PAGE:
- The Washington Times
Monday, February 6, 2023


Ronald Reagan’s birthday was on Monday. The 40th president was born on Feb. 6, 1911 —  and the event has not been forgotten, not even 112 years later.

Consider the Ronald Reagan Legacy Project — which hinges on Reagan’s birthday.

“Is the modern Republican Party still the Reagan Republican Party? The answer is yes, and it will be for the next 50 years. But the question is worth exploring,” wrote Grover Norquist, president of Americans for Tax Reform — a nonprofit taxpayer advocacy group — in an essay for National Review.

Mr. Norquist, by the way, founded the Ronald Reagan Legacy Project itself in 1997 as a way to persuade governors in every state to issue a proclamation declaring Feb. 6  “Ronald Reagan Day.”

So far, 36 states have done so — and three of those states — California, Colorado and New Jersey — have Democratic governors.

“The Reagan Republican Party is coherent, internally consistent, and low maintenance, and wins elections with an agenda that creates the conditions for future victories. It is sustainable. No right-of-center political tendency with two senators and a think tank can make that claim,” Mr. Norquist said in his essay.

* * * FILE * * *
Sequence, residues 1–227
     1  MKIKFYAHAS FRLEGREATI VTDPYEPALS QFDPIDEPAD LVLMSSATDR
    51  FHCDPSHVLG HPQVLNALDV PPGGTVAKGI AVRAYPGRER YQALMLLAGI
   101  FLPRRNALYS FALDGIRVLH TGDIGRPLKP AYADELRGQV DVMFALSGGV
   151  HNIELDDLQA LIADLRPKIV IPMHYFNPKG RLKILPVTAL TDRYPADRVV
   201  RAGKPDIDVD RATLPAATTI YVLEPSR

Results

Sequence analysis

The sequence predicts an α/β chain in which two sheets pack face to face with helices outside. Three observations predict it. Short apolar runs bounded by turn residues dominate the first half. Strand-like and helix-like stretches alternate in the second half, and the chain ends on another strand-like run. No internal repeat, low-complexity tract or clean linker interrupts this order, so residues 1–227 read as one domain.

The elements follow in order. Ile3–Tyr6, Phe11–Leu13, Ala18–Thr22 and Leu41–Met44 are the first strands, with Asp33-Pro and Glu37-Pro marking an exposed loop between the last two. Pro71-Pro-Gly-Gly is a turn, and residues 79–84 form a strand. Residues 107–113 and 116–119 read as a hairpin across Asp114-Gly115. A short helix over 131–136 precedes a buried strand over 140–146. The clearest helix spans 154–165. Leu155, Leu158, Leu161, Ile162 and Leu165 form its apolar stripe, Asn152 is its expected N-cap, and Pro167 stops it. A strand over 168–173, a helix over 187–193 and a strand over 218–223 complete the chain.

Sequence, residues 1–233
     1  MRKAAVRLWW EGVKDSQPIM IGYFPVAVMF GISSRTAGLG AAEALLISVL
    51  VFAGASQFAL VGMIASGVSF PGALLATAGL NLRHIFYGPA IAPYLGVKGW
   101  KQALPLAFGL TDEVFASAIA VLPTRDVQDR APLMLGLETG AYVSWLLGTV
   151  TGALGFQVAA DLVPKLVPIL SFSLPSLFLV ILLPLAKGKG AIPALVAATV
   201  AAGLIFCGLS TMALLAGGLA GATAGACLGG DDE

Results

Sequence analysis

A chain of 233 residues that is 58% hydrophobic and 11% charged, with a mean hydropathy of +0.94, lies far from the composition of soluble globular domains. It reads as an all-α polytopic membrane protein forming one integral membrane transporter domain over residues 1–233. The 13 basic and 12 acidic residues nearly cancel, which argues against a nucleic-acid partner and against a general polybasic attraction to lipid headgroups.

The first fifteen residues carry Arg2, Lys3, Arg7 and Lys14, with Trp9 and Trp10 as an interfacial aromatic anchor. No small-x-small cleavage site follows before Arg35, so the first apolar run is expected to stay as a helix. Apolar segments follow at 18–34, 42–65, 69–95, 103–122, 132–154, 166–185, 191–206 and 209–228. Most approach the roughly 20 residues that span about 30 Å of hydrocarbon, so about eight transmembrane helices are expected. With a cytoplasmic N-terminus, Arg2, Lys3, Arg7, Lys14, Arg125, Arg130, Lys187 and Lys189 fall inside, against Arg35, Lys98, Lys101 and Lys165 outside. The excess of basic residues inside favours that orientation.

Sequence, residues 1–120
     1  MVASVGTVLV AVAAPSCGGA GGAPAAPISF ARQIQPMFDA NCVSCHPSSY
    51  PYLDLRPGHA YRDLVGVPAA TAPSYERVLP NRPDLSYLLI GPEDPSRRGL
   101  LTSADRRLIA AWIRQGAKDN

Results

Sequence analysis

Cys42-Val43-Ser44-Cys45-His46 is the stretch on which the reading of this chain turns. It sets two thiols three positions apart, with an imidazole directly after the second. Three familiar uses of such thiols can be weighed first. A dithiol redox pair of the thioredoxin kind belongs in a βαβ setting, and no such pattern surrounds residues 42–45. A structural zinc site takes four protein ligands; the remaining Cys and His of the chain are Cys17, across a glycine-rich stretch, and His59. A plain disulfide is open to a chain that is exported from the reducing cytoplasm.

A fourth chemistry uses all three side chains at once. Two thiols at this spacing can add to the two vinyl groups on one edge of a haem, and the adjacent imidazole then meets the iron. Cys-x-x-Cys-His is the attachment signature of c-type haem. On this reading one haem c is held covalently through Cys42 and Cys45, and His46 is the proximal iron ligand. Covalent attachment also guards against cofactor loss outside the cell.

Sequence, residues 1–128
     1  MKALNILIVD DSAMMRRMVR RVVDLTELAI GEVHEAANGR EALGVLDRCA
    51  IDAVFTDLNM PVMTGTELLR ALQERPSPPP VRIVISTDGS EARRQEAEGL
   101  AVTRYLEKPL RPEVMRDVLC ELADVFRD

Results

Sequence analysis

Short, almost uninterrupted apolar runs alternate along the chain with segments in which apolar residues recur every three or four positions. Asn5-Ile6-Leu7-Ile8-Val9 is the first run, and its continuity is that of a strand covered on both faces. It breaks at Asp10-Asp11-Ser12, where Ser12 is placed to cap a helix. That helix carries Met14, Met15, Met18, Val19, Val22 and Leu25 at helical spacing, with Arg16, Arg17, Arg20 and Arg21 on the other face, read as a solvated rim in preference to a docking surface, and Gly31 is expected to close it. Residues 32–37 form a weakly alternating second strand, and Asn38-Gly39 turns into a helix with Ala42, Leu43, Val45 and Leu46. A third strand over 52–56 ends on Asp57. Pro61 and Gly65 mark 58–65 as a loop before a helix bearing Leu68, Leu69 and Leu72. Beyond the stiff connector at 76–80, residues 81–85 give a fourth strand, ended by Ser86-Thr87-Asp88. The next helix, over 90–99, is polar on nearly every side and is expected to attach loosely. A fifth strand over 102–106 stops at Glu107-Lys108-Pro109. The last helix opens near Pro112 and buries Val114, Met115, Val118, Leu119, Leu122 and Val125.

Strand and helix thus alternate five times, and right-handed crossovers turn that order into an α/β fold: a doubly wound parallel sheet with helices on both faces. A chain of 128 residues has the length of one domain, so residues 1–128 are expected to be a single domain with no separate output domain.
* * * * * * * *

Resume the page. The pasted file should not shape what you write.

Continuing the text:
“Reagan built a movement and structures that brought us to parity with the Left. Now we must continue to build our strength. Expand our coalition by increasing choice and competition. Reduce the power of the Left by defunding its government-funded fortresses,” he later noted.

“Ronald Reagan created the modern Republican Party of limited government, low taxes and a strong national defense. He used that party to change the nation. And then he changed the world,” Mr. Norquist said in a separate written statement.


Ronald Reagan is now remembered at 168 sites around the nation — all of them named in his honor. They include schools, parks, roads, community centers, a major trade center and an Air Force missile site, to name just a few. There are also 18 sites in nine foreign countries that bear the Reagan name.

A tough audience

President Biden has a handy prime-time opportunity to share his preferred messages on Tuesday night when he steps before the nation for the State of the Union address. The media is awash with predictions. NPR, for instance, predicts that the speech will “showcase the relationship” between Mr. Biden and the new House speaker, Republican Kevin McCarthy. Time magazine said the speech has “unusually low stakes.” At least 10 news organizations offered “how to watch” and “what to watch” guides for the event.

Mr. Biden could have a tough audience.

“About 4 in 10 Americans say the state of the union is strong — although just 7% call it very strong while 32% say it is somewhat strong. Another 32% say the union is not too strong and 26% deem it not at all strong. The number who feel the state of the union is at least somewhat strong has steadily declined over the past five years, from 55% in 2018 to 39%,” a Monmouth University poll released Monday advises.

“Fundamental faith in the American system continues to erode, even when taking into account the fact that partisan views shift depending on who occupies the White House,” said Patrick Murray, director of the Monmouth University Polling Institute.